An introduction to the field of psychological aesthetics for art educators, art therapists, psychoanalysts, artists and art lovers, this book re-evaluates conventional philosophical and psychoanalytic approaches to aesthetic qualities themselves, to the kinds of psychological significance they can generate, and to the interweaving of inner and outer realities upon which this depends.Art history tends to see an artist's work in the context of their life and times; psychoanalysis and art therapy tend to see art works in terms of an `unconscious' meaning that is beneath the surface of its `aesthetic' properties, within the context of the therapeutic relationship. Maclagan draws attention to the intimate connections between the aesthetic qualities of an art work per se, felt out in its material handling, be they attractive, disconcerting or just bland, and a wide range of psychological meanings.Drawing on phenomenology and archetypal psychology, as well as on neglected writers on unconcious aspects of form, Psychological Aesthetics: Painting, Feeling and Making Sense explores this realm of feeling, the different ways in which it is embodied in art and how we can use `subjective' strategies to articulate it in words. It will open new perspectives in understanding both the processes of art making and our creative response to its results.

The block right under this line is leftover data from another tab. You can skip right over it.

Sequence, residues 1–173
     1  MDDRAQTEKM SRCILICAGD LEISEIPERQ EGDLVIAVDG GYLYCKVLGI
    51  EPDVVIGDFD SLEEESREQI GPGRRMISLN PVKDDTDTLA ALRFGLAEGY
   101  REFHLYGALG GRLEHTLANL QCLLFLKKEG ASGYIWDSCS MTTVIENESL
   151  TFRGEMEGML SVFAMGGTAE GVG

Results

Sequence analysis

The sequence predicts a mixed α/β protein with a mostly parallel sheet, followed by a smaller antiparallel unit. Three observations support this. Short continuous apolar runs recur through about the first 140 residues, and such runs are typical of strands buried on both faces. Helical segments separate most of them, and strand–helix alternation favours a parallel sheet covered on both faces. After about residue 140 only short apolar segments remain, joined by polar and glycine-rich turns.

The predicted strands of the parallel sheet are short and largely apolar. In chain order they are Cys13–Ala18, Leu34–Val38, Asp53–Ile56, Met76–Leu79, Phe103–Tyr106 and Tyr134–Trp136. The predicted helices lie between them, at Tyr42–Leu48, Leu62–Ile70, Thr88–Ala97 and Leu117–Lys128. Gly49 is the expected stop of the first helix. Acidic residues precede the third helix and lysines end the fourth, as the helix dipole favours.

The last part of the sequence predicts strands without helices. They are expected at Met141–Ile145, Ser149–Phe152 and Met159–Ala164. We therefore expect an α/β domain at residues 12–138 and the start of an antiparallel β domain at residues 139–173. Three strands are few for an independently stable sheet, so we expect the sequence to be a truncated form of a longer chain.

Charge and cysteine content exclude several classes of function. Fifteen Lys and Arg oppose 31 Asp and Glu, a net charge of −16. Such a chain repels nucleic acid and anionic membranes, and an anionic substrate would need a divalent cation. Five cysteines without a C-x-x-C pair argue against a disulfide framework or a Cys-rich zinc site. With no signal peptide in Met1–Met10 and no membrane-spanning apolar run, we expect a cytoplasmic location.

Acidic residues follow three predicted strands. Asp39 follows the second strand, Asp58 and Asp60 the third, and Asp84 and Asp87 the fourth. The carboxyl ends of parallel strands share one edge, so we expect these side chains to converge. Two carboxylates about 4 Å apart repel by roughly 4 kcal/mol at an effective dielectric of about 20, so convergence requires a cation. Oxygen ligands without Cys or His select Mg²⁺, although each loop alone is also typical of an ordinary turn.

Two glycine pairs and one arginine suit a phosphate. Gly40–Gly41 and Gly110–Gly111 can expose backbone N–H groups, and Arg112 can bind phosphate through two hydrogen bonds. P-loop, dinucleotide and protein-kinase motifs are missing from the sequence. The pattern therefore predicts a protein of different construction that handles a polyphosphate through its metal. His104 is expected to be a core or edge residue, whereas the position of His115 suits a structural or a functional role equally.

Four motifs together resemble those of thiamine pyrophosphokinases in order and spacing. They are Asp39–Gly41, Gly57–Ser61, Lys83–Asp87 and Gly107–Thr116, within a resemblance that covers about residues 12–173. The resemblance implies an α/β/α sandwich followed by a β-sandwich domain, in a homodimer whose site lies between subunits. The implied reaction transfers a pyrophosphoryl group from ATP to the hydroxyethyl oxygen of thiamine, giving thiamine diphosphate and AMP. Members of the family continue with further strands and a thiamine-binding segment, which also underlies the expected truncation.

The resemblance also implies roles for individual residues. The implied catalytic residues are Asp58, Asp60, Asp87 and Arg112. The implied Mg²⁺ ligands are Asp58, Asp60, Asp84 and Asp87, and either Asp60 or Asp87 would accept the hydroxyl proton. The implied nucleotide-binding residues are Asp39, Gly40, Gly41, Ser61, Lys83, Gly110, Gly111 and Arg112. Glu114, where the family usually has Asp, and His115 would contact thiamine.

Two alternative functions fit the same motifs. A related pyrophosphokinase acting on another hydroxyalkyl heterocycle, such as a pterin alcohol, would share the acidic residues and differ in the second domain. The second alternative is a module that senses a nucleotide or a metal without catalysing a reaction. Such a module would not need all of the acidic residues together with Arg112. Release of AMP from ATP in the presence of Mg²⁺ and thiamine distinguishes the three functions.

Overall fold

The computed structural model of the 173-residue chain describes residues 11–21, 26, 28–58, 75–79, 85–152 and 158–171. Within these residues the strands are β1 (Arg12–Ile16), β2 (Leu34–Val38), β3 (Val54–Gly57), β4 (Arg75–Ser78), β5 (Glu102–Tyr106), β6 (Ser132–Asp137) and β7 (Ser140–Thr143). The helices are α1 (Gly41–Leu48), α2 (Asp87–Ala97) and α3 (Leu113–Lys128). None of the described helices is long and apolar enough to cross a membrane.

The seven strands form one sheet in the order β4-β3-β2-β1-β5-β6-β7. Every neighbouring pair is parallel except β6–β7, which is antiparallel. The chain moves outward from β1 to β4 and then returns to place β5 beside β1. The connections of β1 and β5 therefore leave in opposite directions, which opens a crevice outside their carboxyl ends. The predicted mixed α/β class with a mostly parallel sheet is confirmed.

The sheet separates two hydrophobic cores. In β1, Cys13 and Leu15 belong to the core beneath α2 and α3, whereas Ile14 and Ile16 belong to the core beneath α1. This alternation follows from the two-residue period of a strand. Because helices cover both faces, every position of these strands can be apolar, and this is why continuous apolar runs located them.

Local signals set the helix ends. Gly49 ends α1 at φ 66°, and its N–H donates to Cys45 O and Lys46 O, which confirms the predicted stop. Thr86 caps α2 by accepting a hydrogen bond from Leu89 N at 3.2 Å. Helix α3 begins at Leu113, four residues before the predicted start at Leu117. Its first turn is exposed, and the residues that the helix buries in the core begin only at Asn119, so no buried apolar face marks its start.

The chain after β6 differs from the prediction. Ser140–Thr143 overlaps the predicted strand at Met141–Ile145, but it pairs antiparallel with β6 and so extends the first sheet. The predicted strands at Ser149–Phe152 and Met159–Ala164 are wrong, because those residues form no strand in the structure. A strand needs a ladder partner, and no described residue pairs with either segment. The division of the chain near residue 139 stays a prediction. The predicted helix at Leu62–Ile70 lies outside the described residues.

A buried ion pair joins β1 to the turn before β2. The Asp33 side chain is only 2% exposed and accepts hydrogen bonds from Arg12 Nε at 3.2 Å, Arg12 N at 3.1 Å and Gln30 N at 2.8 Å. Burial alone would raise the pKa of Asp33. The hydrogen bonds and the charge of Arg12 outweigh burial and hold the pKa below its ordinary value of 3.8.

About the Author
David Maclagan is an artist, art therapist and lecturer. He directed an MA at the Centre for Psychotherapeutic Studies, University of Sheffield and is also involved with the Art Psychotherapy training there. He has published numerous articles on Outsider Art, art therapy and imaginal psychology, and is the author of Creation Myths.